Although the record is not complete, more is known about the progress of soil depletion in the Roman Empire than in the ancient civilizations of western Asia. What is known makes an invaluable case history.

The soils of Italy started to decline before the reign of Augustus (called the golden age of Rome), and by the time of the fall of the Western Empire, some 500 years later, the soils not only of Italy but of all the provinces except Egypt were completely exhausted. In England evidences of Roman cultivation have been found, in places, five feet below the present surface.

Largely as a result of Roman exploitation, there are today no forests on the Mediterranean coast from Spain to Palestine (Vanishing Lands, Jacks and Whyte, p. 80-81). Typical of this region is the North Dalmatian coast where the hills were once magnificently clothed with primeval forests. The Romans and the Illyrians, the earliest inhabitants, began the destruction of the forests. The first Slav settlers were prodigal, too. The denudation of the hills was completed by the Venetians, from about 1400 to 1700, who cut the trees for timber for their ships and piling for their palaces. The Yugoslav government was unable to reforest the hills because the young trees not uprooted by the savage north winds of winter were eaten by the goats of the peasants.

Before the fall of the Western Roman Empire in 476 A. D., the agricultural regions of Italy and the provinces were nearly depopulated. The exhausted, eroded soil simply could not support the population and the terrific weight of imperial taxation.

Until modern America came on the scene, the world had never known a more exhausting exploitation of both man and soil than that of the Roman Empire. As we have just seen, the results of Rome's avarice are visible yet today in the eroded hills of Greece and the Mediterranean coast, in the sands of North Africa and Western Asia.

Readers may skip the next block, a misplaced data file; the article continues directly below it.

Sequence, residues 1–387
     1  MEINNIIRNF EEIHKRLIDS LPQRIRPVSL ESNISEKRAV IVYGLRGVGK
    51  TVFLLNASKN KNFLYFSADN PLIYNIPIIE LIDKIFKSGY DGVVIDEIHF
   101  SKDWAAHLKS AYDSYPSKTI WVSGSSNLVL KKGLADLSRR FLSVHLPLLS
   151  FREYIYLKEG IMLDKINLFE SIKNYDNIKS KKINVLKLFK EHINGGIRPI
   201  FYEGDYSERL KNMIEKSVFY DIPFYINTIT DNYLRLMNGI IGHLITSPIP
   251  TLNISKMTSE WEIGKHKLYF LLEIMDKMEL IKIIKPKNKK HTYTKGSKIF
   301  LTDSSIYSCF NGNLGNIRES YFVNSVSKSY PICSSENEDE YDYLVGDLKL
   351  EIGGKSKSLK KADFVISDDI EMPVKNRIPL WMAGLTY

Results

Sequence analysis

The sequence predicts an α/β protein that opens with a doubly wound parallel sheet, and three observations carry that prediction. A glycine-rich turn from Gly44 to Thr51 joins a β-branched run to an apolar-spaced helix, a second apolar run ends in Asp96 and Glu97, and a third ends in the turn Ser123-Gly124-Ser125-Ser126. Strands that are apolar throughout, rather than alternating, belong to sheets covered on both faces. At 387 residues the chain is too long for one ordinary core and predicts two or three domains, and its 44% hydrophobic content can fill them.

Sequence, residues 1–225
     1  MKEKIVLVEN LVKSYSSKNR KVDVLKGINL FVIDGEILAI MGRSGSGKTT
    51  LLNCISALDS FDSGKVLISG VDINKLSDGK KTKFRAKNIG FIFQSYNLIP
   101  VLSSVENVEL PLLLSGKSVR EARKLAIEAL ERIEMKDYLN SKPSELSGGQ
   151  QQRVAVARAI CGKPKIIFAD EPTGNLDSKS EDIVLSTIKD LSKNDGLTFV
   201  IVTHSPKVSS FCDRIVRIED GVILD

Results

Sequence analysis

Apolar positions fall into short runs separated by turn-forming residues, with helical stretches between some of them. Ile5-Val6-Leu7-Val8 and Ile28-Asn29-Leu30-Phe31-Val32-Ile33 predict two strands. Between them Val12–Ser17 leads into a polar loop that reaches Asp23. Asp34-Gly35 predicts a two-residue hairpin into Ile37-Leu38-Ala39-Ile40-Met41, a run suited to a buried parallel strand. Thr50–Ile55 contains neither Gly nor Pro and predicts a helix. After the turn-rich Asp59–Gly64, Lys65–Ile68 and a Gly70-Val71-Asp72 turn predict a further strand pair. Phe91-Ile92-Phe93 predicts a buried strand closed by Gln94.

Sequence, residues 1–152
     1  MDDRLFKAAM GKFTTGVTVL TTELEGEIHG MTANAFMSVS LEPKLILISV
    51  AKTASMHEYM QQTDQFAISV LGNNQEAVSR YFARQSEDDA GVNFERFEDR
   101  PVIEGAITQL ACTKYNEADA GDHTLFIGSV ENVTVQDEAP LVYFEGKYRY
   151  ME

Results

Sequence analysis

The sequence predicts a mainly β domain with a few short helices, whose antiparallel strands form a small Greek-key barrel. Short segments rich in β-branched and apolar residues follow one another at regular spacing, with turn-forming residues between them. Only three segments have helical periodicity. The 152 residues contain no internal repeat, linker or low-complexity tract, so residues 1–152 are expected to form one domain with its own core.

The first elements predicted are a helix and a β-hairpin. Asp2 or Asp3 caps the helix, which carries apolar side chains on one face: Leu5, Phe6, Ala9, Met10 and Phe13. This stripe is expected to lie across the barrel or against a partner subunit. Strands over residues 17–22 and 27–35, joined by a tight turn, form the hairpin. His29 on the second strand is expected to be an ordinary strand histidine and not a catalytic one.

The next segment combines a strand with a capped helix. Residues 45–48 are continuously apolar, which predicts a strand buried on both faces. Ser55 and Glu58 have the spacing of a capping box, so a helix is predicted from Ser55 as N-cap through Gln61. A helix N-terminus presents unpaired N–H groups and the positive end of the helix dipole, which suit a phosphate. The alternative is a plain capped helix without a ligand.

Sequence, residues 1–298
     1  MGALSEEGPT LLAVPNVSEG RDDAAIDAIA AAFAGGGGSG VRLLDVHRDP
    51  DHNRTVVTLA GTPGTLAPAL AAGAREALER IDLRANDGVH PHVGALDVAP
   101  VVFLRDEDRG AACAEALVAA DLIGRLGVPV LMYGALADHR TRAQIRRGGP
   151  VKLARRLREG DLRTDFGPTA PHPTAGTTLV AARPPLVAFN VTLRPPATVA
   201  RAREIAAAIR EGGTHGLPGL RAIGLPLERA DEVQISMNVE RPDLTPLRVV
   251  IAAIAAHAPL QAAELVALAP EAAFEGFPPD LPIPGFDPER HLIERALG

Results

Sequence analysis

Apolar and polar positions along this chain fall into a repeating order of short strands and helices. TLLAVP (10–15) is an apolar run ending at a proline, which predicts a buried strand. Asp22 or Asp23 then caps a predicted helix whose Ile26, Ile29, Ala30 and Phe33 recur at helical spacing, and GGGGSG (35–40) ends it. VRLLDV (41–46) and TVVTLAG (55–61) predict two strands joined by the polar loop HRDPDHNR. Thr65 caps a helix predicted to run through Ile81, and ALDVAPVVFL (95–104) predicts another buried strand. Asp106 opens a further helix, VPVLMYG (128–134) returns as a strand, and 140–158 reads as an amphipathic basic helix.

Yet thirty years ago Kellog reported that some soils in Italy had completely recovered and were producing more than they ever did. Also, some soils in Central Europe and England have been farmed for centuries not only without injury, but with yields steadily increasing for the past 150 years (The Soils that Support Us, p. 269).

WHY? How did this recovery come about? And why is it that the soils of Central Europe and England have not suffered erosion comparable to that of other areas?


The Golden Age of Abundance

Following Rome's self-destruction, Europe in the Middle Ages was always on the verge of starvation. No progress was made in maintaining soil fertility.

During the 18th century, Central Europe's soils were showing severe deterioration.

But since the end of the Napoleonic Wars, the world has had a larger food supply than it ever had before. The 19th century was the golden age of abundance. If you wonder why this abundance came about just at this point in history, write for our free book, The United States and The British Commonwealth in Prophecy.

Except for this relatively brief period, food has been man's chief preoccupation throughout history. Now this age of abundance is rapidly drawing to a close. Already two-thirds to three-fourths of the human race are again underfed and undernourished.

Two factors made the 19th century an era of spectacular abundance of food. While Europe was undergoing an industrial revolution, it is often overlooked that it was simultaneously undergoing an agricultural revolution.